Novak Djokovic’s dad, Srdjan – mediating in last January’s row between his unvaccinated son and Australian immigration. Srdjan told the press: “Tonight they can throw him in a dungeon, tomorrow they can put him in chains. Novak is the Spartacus of the new world which won’t tolerate injustice, colonialism and hypocrisy.” His broader point, when he’d calmed down: “Jesus was crucified and everything was done to him, and he endured, he is still alive among us. They crucify Novak the same way.”
On the Djokovic row: lockdown sceptic @Nigel_Farage – leaving his Twitter followers feeling uneasy after attacking Australia using its immigration system to control its borders. Farage said Australia’s use of “arbitrary power” to deport an eastern European was “nasty … it really is a banana republic.”
And the best clarification
As the row got out of hand: Novak Djokovic, February, BBC: “I’m not anti-vax, but will sacrifice trophies if told to get jab.”
Best truth seeker
Was Matt Le Tissier, exposing how the same people who faked Covid and covered up Hunter Biden’s laptop also faked atrocities in Ukraine using “crisis actors”. He clarified later: “I do not advocate war in any shape or form,” then stepped down as a Southampton ambassador to focus on “the work I believe in”.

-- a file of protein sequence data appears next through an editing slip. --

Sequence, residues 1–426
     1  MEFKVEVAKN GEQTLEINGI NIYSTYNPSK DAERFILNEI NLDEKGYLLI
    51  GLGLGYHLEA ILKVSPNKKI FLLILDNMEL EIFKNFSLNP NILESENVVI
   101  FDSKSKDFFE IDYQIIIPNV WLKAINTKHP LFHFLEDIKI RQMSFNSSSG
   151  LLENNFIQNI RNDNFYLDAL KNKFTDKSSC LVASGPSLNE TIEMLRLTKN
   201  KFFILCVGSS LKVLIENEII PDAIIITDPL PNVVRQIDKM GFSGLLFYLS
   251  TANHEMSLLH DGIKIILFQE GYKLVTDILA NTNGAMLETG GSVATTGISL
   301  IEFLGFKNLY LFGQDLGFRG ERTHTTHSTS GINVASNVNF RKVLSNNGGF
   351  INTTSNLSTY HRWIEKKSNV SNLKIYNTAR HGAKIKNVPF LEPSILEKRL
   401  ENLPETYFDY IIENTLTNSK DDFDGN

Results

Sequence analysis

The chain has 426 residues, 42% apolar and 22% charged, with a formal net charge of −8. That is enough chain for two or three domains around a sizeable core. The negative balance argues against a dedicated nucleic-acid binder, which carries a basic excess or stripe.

Most consistent performers
Russia – barred in name at February’s Winter Olympics due to state-sponsored doping, but still managing to register the Games’ first doping scandal. Journalists who revealed the story about skater Kamila Valieva received death threats while Vladimir Putin hit out at the smears. “Through her work Kamila has raised sport to the level of true art.”
Apology of the year
F1’s Bernie Ecclestone, feeling put out in June by the backlash after telling Good Morning Britain: “I’d take a bullet for Putin, because he’s a first-class person.” Nine days later: “I’m sorry if anything I said has upset anybody.”
Breakthrough sport of the year
Finally cutting through to the news pages in 2022: “Chess grandmaster accused of anal bead tactic ‘cheated over 100 times’” (Metro, October); “Cheat row erupts at World Conker Championships – but it’s not like anal-bead chess plot” (Daily Star). Plus, not bead-related: “Chess robot grabs and breaks finger of seven-year-old opponent” (Guardian, July).